Work-Area Tips and Workspace Requirements

I've tried to gather some measurements for the new and prospective builders, so they know what to plan for workspace requirements.  Randy #006
was nice enough to measure his fuse for me, so we have a good idea of  the space these things will take up as you're building.

All dimensions are MAX including anything sticking out.  An attempt was made to measure the widest measurement you'd need to fit these things
in an area.

108"L x 36"W x 37"H

152"L x 57"W x 9.5"H
The wings include the length and width with the flaps attached.  Reduce by about 9"W and 2"L if you remove the flap.  The flap attach brackets
will still stick out though.

Horizontal Stab
134"L x 20.5"W x 4"H

The Elevator, Vertical Stab, and Rudder are all small enough to fit through any door that a person can.

  Firewall to tip of tailcone including 2 cabin heat vents is approx. 214"
  Firewall to Tailcone 115"
  Width 57" from ends of wing center section
  Height 52"
  Add about 18" for engine mount.

By the time you join your tailcone to your fuselage, you'll need about 18.5' in length for work area.   Start adding the engine and you'll  need another 3 or 4 feet.

Rolling Height
Russ Daves was nice enough to send me the ground to belly height of the RV-10 between the gear.   27 inches from the ground to the belly.  This is measured at about the mid point of the doors...just behind where the actual tires are. This allowed me to calculate what the top of the canopy height would be, once the gear was installed.....which I needed because my garage door is only 78" tall at the door lip when open.
The bad news is that the RV-10 stands a full 80" tall on gear, empty, with no engine mounted.    But, there's also good news....
I was able to pop the door opener (pull the red rope) which allowed me to hand-push the door up further on it's rails, causing the door to open a little larger.   I now have about 80.5" at the opening, and 79.5" under one of the metal cross supports on the door.   I am guessing that by leaving some air out of the tires, adding some weight, perhaps adding the engine, that maybe I'll get enough space back to get in and out without major concerns.  If necessary, I might be able to replace the door with one that doesn't have the big reinforcement sticking out....just temporarily, then toos the cheap door after the project is done.

Getting it Out the Door
Per Bob Condrey, the measured distance from center to center on the TOP of the tires, the distance is 89'.   Edge-to-edge width of the tires is 94".  This should help you figure out if you can fit it out the door from a width perspective.  I would not permanently install the axle extensions for the wheel fairings until you are at the airport for final assembly, as not only will they be vulnerable to breakage, or hurting yourself on, but they'll make it harder to fit out the door or on a trailer too.  Look above for info on height.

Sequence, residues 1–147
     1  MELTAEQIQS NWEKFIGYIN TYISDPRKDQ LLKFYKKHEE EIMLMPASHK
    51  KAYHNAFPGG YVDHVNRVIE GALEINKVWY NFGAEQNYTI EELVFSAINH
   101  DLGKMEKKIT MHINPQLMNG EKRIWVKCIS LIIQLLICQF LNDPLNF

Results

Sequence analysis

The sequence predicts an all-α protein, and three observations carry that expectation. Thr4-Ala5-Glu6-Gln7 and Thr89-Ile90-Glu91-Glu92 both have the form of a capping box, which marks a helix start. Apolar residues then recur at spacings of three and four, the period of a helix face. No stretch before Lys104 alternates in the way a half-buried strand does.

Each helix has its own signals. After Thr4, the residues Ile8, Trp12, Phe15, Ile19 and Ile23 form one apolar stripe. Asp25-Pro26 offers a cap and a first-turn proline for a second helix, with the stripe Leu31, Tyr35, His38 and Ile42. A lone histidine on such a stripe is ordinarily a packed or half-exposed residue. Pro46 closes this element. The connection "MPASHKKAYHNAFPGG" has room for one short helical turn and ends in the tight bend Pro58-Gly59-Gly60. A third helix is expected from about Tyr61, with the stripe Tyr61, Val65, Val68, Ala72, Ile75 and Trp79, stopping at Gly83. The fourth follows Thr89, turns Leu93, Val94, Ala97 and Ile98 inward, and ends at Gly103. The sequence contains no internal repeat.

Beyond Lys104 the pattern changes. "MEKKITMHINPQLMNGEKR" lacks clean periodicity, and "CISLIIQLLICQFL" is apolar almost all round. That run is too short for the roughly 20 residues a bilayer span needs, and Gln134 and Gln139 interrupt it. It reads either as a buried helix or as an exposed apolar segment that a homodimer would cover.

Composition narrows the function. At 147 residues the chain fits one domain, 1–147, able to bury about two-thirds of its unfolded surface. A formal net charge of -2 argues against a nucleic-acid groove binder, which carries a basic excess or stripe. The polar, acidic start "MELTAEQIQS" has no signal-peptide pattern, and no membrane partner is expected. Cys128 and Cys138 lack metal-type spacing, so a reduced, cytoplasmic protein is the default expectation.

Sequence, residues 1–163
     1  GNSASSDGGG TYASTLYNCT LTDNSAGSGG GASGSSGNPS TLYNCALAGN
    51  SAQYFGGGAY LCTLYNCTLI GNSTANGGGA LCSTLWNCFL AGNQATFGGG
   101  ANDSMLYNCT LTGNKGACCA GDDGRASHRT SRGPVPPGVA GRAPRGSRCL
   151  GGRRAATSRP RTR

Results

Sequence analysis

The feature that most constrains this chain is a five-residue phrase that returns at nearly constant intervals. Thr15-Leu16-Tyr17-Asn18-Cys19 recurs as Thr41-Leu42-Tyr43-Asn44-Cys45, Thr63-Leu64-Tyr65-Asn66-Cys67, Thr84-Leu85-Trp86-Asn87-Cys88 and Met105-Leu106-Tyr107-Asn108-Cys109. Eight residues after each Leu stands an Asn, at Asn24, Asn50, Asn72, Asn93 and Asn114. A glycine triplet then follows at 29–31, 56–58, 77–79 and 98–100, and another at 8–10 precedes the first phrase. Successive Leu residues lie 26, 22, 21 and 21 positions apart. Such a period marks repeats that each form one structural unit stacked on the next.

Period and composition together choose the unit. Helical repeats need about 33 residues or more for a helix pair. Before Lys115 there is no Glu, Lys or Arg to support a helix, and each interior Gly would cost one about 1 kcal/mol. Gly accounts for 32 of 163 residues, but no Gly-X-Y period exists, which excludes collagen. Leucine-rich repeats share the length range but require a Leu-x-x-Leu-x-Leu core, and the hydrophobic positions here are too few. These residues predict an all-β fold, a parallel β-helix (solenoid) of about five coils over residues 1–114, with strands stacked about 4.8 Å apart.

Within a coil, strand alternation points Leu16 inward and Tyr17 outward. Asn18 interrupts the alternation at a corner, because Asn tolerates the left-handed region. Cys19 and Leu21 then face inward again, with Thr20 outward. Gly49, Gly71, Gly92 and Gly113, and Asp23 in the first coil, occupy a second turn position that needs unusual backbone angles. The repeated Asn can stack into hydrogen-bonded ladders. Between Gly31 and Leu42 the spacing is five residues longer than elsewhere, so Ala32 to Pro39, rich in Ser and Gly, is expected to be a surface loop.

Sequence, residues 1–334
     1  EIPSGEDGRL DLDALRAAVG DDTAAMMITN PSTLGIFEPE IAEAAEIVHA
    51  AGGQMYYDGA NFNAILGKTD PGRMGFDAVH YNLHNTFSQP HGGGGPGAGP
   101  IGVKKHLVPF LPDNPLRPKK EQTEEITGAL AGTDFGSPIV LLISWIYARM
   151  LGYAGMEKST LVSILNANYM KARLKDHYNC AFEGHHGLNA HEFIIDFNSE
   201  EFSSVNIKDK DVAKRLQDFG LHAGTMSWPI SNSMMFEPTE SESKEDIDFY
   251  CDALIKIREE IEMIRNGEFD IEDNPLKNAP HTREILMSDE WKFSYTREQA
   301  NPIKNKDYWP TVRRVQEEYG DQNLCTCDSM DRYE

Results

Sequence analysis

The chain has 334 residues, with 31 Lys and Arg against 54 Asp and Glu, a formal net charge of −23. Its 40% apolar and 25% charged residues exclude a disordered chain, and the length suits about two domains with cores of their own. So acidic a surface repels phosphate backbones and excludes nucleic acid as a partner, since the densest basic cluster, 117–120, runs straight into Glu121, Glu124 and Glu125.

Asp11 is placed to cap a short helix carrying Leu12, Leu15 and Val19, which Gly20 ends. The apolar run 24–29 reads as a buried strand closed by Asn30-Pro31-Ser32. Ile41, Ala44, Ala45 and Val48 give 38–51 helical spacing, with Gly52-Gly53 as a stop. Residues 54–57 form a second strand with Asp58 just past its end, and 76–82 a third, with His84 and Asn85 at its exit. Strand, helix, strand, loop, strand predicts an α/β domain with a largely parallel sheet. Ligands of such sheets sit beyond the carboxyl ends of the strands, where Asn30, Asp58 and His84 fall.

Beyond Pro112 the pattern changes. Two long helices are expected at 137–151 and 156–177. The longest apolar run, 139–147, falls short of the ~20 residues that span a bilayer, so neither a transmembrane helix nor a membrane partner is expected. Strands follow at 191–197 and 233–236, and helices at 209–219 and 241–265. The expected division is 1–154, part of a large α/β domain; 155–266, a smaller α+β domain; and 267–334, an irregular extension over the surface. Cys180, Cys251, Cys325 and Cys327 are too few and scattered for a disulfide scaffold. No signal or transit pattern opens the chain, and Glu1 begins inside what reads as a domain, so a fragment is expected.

I do seem to remember that 94" was a width measurement I used when setting up my ramps to get the plane on the trailer for painting and to take to the airport.  I had thought that was center-to-center width, by with my late-30's alzheimer's starting in, I think it must have been the outside, just like Bob's.  You will probably want a full 8' wide trailer for hauling it.  I used a 10' long by 108" wide snowmobile trailer which worked great.

Hangaring It
I'm trying to gather distances required for T-Hangaring.
From Eric, it looks like from the wing trailing edge to the tail is about 13', so that gives you the distance
absolutely requred for the "T"'s stem.  I know a 40' door works perfectly, too.

Crating and Shipping Info: (This may not be 100% current)
Here's a sheet from Van's - Click this link

Tailcone Kit
Box 1:       225 lbs.      113"x46"x11"
Box 2:         45 lbs       136"x6"x3"

Wing Kit
Box 1:        233 lbs.     104" L x 32" W x 10" H
Box 2:        244 lbs.     169" L x 10" W x 11" H

QB Fuse 1:    740lbs    4'W x 8'L x 42"H
QB Fuse 2:     260lbs    5'W x 8'L x 5'H

Finishing kit:    500lbs     4'W x 8'L x 2'H

Fuselage Holder

Rick Sked didn't like the idea of using cheesy pallets to hold his fuselage, so he build this:  (See below for his comments)

Rick's Fuselage Holder  Ricks Fuselage Holder

Here are a few photos of my version of the pallets that others may find helpful. Pallets just didn't trip mt trigger so I picked up twp wooden sawhorses, 2ea 8' 2 x 4's and 4 swivel casters at the Home Depot. Cut the 2 x 4's in half, cut the legs off the horses and screwed this all together. It is just the right height, you can wheel it around and it was less than $40.

Rick Sked - 40185 - Las Vegas